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05-18-2022 | Empagliflozin | News

Pros and cons with empagliflozin addition to closed-loop insulin

Author: Eleanor McDermid

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medwireNews: Adding daily empagliflozin to closed-loop insulin delivery improves time in range (TIR) but also increases ketone levels in people with type 1 diabetes, shows a randomized trial.

The study participants were assigned to take either empagliflozin 25 mg/day or placebo, and at the same time to undertake 4 weeks of closed-loop insulin delivery and 4 weeks of sensor-augmented pump (SAP) delivery in a randomly assigned order.

Among the 24 people who completed the study, the highest average TIR, of 75.5%, occurred during the closed-loop period in those taking empagliflozin. This was a significant 7.2 percentage point increase on the 68.2% achieved during the closed-loop phase by people taking placebo, and amounted to an additional 1.7 hours/day within the target range (3.9–10 mmol/L, 70–180 mg/dL).

“As per international consensus guidelines, an increase of more than 5% is considered clinically meaningful,” write Bruce Perkins (Mount Sinai Hospital, Toronto, Ontario, Canada) and study co-authors in Nature Medicine.

People taking empagliflozin also had significantly higher TIR than those taking placebo during SAP use, at 69.3% versus 57.9%. This 11.4 percentage point difference equated to an additional 2.7 hours/day within the target range.

Noting the greater TIR benefit of empagliflozin when paired with SAP rather than closed-loop delivery, the researchers observe that “both empagliflozin and closed-loop therapy work in a continuous glucose-responsive manner that might have led to a partial overlap in their action.”

They stress that the combination of empagliflozin and closed-loop insulin resulted in a 17.5% average increase in TIR (4.2 hours/day) when compared with placebo and SAP.

Ketone levels were significantly higher in people taking empagliflozin than those taking placebo, regardless of the means of insulin delivery, but the highest levels, averaging 0.27 mmol/L, occurred with the combination of empagliflozin plus closed-loop delivery. Twenty percent of participants experienced ketosis (>1.5 mmol/L) with this combination, compared with 5% for the other three combinations.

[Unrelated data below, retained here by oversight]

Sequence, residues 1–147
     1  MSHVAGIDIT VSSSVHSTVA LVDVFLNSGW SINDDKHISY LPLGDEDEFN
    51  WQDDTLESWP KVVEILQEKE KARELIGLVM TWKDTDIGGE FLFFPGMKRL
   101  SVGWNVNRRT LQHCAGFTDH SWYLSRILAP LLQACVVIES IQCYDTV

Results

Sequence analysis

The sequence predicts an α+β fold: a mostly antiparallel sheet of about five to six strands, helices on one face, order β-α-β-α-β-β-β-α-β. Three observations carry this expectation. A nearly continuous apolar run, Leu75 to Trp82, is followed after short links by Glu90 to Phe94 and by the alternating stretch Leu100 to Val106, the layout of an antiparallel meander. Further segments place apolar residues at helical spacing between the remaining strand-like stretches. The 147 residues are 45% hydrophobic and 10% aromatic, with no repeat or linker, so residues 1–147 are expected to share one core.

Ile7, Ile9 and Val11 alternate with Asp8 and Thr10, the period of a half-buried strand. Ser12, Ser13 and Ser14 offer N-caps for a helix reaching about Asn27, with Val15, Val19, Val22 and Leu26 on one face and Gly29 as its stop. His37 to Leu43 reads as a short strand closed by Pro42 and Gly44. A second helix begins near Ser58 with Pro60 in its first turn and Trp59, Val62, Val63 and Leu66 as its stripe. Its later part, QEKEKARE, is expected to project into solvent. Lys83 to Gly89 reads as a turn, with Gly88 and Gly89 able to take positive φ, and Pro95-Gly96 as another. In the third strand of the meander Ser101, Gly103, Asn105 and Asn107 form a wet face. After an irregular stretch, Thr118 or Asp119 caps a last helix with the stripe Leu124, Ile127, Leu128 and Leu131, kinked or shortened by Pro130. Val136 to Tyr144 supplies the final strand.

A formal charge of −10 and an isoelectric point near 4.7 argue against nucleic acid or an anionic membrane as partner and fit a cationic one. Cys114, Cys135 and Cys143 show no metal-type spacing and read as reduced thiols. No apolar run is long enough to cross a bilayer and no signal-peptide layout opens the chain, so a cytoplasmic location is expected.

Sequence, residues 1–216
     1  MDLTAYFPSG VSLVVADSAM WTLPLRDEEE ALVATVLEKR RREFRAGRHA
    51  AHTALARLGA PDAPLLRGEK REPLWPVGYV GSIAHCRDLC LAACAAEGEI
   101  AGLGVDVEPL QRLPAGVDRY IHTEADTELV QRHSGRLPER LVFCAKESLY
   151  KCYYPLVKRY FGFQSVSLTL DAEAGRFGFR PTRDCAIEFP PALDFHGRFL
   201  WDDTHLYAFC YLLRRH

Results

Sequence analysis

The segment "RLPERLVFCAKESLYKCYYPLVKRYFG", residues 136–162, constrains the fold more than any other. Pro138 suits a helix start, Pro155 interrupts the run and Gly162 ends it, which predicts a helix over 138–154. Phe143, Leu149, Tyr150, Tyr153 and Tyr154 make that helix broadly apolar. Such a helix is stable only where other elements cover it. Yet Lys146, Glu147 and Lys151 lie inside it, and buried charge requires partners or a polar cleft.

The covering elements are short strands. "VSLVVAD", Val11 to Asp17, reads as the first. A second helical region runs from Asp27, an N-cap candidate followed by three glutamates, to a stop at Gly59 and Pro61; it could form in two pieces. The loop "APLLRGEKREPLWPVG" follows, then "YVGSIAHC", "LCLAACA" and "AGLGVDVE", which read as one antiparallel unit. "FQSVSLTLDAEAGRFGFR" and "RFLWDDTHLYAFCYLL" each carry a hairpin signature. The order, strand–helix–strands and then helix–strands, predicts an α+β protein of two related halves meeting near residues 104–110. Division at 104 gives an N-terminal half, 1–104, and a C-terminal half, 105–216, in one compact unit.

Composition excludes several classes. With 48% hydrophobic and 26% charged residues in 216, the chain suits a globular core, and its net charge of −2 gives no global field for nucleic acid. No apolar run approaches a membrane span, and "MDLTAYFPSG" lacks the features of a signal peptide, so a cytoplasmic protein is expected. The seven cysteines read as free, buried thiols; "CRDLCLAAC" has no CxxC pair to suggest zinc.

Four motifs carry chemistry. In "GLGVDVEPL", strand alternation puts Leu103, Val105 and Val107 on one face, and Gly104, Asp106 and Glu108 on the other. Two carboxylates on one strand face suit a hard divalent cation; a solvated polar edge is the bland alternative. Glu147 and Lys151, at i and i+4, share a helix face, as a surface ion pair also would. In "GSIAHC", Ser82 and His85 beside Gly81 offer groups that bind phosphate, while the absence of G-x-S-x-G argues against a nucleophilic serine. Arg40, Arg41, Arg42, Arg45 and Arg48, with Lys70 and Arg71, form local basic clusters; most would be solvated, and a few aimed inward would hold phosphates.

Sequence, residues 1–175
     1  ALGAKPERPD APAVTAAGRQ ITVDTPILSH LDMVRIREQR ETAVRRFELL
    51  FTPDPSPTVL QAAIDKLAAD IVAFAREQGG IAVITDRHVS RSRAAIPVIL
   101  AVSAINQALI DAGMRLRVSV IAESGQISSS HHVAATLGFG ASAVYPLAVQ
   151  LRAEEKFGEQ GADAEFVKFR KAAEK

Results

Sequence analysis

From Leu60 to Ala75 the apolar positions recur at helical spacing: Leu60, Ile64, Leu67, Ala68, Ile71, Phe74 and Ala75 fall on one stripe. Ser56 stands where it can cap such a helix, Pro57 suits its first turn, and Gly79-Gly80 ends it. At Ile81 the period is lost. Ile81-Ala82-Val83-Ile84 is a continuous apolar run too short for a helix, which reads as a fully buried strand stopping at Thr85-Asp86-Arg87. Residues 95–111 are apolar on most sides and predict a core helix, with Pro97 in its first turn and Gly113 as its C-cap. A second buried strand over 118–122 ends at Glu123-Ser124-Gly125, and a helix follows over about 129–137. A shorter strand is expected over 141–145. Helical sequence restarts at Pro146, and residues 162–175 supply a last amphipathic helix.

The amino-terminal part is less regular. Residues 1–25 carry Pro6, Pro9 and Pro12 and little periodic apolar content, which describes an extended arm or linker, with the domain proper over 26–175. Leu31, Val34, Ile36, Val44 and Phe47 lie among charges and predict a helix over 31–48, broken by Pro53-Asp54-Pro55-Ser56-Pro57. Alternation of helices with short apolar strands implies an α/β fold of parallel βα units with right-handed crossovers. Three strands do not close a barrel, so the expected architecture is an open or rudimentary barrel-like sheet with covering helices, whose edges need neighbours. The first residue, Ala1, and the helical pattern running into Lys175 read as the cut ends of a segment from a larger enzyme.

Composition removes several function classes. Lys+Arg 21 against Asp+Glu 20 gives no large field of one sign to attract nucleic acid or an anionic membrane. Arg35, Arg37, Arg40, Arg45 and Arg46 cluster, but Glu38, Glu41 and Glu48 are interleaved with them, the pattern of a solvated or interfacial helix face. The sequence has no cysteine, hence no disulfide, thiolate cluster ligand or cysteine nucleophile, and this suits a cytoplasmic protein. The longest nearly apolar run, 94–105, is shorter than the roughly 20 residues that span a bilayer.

Two people withdrew because of symptomatic ketosis, both during closed-loop delivery; one was taking empagliflozin and the other placebo, and their ketone levels were 3.7 and 1.8 mmol/L, respectively.

No participant experienced ketoacidosis, which the researchers attribute to “daily ketone monitoring, the mitigation and education strategies put into place in the trial, the relatively small sample size and the short duration of the interventions.”

Nevertheless, they stress that the increased ketone levels observed with empagliflozin plus closed-loop therapy underline the need for preventive efforts, “including enhanced patient education, minimization of insulin reductions, clinical follow-up and ketone monitoring.”

Perkins and team say that future improvements in closed-loop systems may mean that adding a sodium-glucose cotransporter 2 inhibitor no longer gives added glycemic benefits, but note that it could remain worthwhile in some people for the medication class’s positive effects on cardiovascular and renal risk.

The study participants were aged between 19 and 66 years (average 38 years), 56% were women, and their average glycated hemoglobin level was 7.7% (61 mmol/mol), with a range of 6.0–9.4% (42–79 mmol/mol). During the SAP period participants used a Dexcom G5 or G6 with their own insulin pump and during the closed-loop period they used the iPancreas system, based on the McGill dosing algorithm.

However, the researchers believe their findings “likely generalize to other available and commercialized closed-loop systems.”

medwireNews is an independent medical news service provided by Springer Healthcare Ltd. © 2022 Springer Healthcare Ltd, part of the Springer Nature Group

Nat Med 2022; doi:10.1038/s41591-022-01805-3


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